one last thing, is it really difficult to reach frnt storage place on the adventure?


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PostPosted: Fri Jun 06, 2008 6:18 am 
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The front storage area on the revo/adventure isnt too hard to get to. On the adventure you have to be a little more careful since it is a little bit more tippy than the revo.

You can also install the Sidekick ama's and then dance a jig on the thing if you wanted.

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PostPosted: Fri Jun 06, 2008 7:31 am 
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Color really shouldn't frighten any fish, even if you were fishing flats. Get a color that will be seen more easily by other larger boats out there. Yellow and orange are good and bright and the red is pretty good too.

Front hatch on the Adventure is tougher to get to than on the Revo as its a bit farther away / farther forward, but I rarely have to get anything from it while on the water. Either way, you just shimmy forward and get it.

If you are only going to fish open ocean water, it may not matter, but if you are ever going to fish lakes or smaller water, I suggest you order a sailing rudder with your new Adventure. All of the Hobie yaks turn at least twice as hard with the addition of the sailing rudder. For me it was a necessity, but I fish smallish lakes and on the Erie canal (narrow).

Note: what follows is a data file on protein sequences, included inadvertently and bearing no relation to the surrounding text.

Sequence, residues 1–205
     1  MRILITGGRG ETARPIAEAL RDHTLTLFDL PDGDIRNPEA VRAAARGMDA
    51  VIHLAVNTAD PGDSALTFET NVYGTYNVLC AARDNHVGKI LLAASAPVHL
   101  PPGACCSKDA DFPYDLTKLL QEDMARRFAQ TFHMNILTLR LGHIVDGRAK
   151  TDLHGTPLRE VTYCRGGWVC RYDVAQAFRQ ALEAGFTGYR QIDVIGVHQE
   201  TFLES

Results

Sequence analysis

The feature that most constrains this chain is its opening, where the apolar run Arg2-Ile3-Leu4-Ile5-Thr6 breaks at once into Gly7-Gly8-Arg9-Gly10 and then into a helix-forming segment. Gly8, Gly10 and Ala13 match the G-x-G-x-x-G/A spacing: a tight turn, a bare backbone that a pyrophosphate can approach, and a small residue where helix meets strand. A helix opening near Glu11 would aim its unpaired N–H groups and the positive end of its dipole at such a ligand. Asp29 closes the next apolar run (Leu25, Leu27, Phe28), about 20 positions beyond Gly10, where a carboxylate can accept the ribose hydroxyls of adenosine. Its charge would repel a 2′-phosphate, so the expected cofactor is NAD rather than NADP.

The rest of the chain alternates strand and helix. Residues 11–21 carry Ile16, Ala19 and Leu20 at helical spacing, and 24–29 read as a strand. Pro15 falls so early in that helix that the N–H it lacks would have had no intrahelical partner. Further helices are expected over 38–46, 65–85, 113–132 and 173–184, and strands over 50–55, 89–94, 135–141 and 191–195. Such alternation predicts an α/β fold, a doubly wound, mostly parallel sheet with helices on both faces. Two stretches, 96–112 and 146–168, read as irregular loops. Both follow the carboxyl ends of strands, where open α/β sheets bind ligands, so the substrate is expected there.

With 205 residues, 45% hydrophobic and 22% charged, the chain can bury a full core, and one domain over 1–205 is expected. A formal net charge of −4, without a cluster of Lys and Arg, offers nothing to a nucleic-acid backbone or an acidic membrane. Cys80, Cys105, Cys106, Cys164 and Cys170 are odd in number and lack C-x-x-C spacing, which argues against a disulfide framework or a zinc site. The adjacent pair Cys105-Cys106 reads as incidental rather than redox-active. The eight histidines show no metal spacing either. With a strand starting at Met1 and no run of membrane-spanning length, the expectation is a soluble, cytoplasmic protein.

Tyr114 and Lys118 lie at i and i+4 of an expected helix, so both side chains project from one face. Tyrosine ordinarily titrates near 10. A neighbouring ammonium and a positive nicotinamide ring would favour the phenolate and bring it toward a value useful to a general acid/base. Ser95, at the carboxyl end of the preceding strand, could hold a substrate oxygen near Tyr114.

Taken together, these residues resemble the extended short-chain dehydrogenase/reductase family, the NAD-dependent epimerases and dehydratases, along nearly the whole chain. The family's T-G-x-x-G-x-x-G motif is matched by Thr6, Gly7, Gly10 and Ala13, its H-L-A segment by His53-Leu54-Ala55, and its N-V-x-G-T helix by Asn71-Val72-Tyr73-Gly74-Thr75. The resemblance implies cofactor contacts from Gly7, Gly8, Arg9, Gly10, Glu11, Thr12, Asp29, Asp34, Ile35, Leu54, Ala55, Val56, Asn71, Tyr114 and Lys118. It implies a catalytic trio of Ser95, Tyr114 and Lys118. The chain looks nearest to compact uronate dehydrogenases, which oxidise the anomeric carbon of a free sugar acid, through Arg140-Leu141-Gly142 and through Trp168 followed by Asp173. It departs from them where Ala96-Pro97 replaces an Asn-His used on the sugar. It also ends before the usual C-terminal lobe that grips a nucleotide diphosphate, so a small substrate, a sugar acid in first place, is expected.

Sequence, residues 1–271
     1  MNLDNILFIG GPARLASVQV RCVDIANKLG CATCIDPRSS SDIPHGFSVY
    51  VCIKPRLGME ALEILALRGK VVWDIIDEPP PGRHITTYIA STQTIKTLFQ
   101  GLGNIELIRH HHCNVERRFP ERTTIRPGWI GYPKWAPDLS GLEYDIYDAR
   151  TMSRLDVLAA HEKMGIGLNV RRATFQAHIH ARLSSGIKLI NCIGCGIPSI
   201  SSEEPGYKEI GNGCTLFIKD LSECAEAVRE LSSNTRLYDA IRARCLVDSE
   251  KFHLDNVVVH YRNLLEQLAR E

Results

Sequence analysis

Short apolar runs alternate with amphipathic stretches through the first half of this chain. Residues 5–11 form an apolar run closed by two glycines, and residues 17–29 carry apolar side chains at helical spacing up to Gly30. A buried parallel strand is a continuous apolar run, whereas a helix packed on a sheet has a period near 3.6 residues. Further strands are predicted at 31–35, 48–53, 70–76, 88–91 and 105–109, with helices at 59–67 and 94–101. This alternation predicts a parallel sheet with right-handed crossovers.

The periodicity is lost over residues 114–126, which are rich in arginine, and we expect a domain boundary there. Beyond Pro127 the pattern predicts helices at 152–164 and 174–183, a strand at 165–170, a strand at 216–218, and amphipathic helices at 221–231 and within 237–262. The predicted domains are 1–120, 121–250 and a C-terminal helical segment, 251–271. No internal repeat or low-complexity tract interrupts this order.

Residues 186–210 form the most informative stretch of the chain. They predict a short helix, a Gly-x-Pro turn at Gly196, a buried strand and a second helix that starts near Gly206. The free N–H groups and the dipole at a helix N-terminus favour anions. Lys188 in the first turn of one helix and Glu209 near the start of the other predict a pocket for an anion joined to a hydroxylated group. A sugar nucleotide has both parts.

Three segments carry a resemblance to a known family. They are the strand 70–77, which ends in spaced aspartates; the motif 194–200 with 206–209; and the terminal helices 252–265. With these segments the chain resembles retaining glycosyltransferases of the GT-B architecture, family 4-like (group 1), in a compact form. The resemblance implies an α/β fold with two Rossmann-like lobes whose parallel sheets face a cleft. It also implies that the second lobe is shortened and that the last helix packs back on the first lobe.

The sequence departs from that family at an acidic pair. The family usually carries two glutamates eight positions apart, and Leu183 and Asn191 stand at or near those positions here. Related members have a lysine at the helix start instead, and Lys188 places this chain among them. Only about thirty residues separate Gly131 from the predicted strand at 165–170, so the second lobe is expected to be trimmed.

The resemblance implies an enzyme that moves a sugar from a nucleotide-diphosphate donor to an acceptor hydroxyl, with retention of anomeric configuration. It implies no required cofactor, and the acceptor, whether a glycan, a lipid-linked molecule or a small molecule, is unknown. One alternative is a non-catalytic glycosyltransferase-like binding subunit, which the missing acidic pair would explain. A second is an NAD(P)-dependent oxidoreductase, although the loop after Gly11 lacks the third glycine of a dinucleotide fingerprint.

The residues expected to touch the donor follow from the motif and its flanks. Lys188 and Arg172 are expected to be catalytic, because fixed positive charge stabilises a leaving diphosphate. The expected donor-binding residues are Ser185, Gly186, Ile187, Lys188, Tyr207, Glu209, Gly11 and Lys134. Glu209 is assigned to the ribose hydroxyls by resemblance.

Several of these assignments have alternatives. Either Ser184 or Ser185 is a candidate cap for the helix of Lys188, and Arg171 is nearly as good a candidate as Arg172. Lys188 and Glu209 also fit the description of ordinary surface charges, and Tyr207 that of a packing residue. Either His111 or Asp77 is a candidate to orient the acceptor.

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PostPosted: Fri Jun 06, 2008 7:51 am 
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Yes, for most of us, access to the front Adventure hatch from the water is difficult or impossible without removing the Drive first. The Revolution (shown here) is quite accessible though:
Image

I don't know if fish can see color or not, especially looking into the sun, or if it matters. I say please yourself then you can blame the color if the fishing is bad!

For accessories, I agree with TDRILL that the sailing rudder is excellent and the best value. I like the Turbofins and could never go back to the Standard fins -- they improve your speed, range and acceleration. Finally, the basic Hobie cart (not Trex) is great -- you can load your boat up with gear, wheel it right into the water in one trip and remove the wheels (which also float) right from the water. You never have to lift the boat except onto your vehicle or trailer.


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PostPosted: Fri Jun 06, 2008 10:02 am 
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Removing the wheels once your in the water is key.

You'd be amazed at the speed limit effect the Trax wheels have if you leave them in <grin>

Done it twice now, once first day sailing on a river (was excited) second time on first day my wife took her yak out (I said i was just handicapping myself for her benefit)

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PostPosted: Sat Jun 07, 2008 9:24 pm 
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Location: California
I am prejudiced in this opinion (and am on my third glass of red wine) but buy the Adventure. Why go with a "tweener" (between an Adventure and an Outback)? Get the outback for ponds and lakes, get the Adventure for open water.


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PostPosted: Mon Jun 09, 2008 11:00 am 
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Location: Orlando, Florida
Rico,

The sand and other white/grey colors look like breaking waves from distance. Power boaters won't see you until they are on top of you.

Good luck with your decision.

Mike